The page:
8434 - Moody Center for the Arts at Rice University to open in Feb. 2017 - Houston - U.S.A.


North façade of the Moody Center for the Arts at Rice University, Houston, TX. Courtesy of Michael Maltzan Architecture, Inc.
Alison Weaver, Executive Director of Rice University’s Moody Center for the Arts, announced today that this new trans-disciplinary lab for creativity will celebrate its opening on February 24, 2017.

Designed by acclaimed Los Angeles-based architect Michael Maltzan to bring together the Rice community and the Houston public and enable innovative artistic work to flourish, the $30 million, 50,000-square-foot Moody will serve as an experimental platform for creating and presenting works in all disciplines, a flexible teaching space to encourage new modes of making and a forum for creative partnerships with visiting national and international artists.

The Moody is proud to announce that its first artist-in-residence will be Mona Hatoum, the internationally acclaimed Beirut-born Palestinian artist whose work in sculpture, performance, video and installation is currently the subject of a major survey exhibition at London’s Tate Modern. She will take up her residency in spring 2017, shortly after the official opening of the Moody. Underscoring the Moody’s collaborative goals within Houston’s rich cultural scene, Hatoum will devote her residency in part to developing works for a major exhibition, her first in the United States in 20 years, at the Menil Collection, October 6, 2017-Feburary 25, 2018. The Menil will join with the Moody in presenting a public lecture by the artist.

Open and accessible to the public, the Moody is dedicated to trans-disciplinary collaboration in the arts, sciences and humanities, and will establish a new arts district on the campus, close by the distinguished Shepherd School of Music and the permanent James Turrell Twilight Epiphany Skyspace. The Moody will provide facilities including art gallery space, a 150-seat black box theater, a gallery for experimental performance and a café. Its defining feature is the light-flooded, interdisciplinary maker lab at its core: an atrium with immediate access to surrounding resources that include a wood shop, metal shop, paint booth, rapid prototyping areas, studio classrooms, technology lending library and audiovisual editing booths.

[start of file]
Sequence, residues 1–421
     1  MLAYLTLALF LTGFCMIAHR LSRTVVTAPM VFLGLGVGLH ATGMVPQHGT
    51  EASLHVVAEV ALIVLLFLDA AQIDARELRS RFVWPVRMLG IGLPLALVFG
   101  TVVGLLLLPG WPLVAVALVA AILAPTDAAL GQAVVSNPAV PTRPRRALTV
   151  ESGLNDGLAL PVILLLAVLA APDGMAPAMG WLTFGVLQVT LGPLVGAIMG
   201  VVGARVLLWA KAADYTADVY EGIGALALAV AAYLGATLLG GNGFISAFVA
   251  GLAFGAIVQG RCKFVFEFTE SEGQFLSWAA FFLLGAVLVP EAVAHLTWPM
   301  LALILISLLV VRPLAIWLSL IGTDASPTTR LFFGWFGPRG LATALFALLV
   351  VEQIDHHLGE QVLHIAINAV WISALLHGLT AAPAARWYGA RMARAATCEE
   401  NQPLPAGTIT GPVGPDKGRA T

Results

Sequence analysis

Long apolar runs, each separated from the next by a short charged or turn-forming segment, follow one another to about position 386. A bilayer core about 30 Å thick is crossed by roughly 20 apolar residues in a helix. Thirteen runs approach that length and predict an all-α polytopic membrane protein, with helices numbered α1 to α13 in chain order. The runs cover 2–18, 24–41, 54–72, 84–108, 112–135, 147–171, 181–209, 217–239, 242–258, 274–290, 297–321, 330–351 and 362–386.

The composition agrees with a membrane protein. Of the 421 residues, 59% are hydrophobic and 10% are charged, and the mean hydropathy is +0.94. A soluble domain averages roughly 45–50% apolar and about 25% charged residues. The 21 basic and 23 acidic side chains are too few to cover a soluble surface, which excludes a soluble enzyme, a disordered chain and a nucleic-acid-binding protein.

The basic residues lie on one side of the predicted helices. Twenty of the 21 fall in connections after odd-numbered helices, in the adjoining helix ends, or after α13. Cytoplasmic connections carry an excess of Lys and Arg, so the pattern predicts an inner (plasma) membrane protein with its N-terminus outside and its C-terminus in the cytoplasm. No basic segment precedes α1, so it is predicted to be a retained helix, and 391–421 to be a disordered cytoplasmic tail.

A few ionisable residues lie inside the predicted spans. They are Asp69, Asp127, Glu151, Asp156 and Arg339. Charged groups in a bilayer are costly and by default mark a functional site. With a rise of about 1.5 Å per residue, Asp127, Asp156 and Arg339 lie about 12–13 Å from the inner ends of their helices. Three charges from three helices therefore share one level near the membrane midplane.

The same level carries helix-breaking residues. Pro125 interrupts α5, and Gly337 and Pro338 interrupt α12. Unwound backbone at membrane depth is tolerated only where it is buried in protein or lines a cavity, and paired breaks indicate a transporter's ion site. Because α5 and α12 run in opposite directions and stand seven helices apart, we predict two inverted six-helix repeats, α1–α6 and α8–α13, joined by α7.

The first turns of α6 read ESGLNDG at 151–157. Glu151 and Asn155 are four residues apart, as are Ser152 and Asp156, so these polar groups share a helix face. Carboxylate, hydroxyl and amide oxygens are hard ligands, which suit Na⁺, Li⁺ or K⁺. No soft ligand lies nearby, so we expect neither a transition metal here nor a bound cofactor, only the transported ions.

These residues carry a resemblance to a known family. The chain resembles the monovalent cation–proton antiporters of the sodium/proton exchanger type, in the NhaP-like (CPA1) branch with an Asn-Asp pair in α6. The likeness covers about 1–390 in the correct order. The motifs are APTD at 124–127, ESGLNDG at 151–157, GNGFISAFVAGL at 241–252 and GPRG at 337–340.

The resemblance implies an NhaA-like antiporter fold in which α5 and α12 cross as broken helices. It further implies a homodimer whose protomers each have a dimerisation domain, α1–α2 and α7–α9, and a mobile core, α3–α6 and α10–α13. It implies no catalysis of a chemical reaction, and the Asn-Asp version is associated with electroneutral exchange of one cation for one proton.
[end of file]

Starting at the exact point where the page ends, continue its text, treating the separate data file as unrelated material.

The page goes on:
David Leebron, President of Rice University, said, “The Moody Center for the Arts is both a major new facility for our campus and Houston and a vital new program, which together demonstrate Rice’s commitment to the arts and to creativity as central to our university’s mission. While Rice earned early in its history a strong reputation in the sciences, engineering, and the professions, we are today equally proud of our dedication to and success in the arts and humanities, which contribute in essential ways to every education and every intellectual endeavor. The Moody Center is a stake in the ground for our continuing arts commitment, and we look forward to welcoming everyone on campus and the entire Houston community to the Moody.”

Alison Weaver said, “By establishing the Moody, Rice both reflects and supports the way students are learning and artists are working today – collaboratively and across disciplines. We’re honored to welcome Mona Hatoum as the first international artist to join our program, and we’re thrilled to be inaugurating Michael Maltzan’s extraordinary building, which perfectly embodies what we hope to achieve at the Moody.”

Michael Maltzan’s striking contemporary design, with its bold geometric shapes and inviting transparency, will make the Moody a beacon on Rice’s campus while affirming the mission to foster connections across disciplines.

Michael Maltzan, founder and principal of Michael Maltzan Architecture, said, “The interior of the Moody is designed to foster a sense of openness and possibility. The double-height makers’ space at its heart can be imagined as an interior quad, echoing the other quads found throughout the Rice campus. This interior landscape brings the most diverse programmatic functions into contact with one another, while opening views out to the campus. This emphasis on transparency extends to the building’s exterior, whose brick-clad upper story seems to float over an entry level encased in floor-to-ceiling glass. With pedestrian paths cutting across the site’s open lawn and into the building, a set of stairs on the north façade turning back to form an interior amphitheater, and the cantilevered mass of the second story creating covered walkways below, the Moody will be one of the most active social spaces on the Rice campus, and a welcoming facility for all of Houston.”

Development of the Moody is made possible by a $20 million grant from the Texas-based Moody Foundation, a charitable organization with an emphasis on education, social services, children’s needs and community development, with additional generous support from the Brown Foundation and other donors.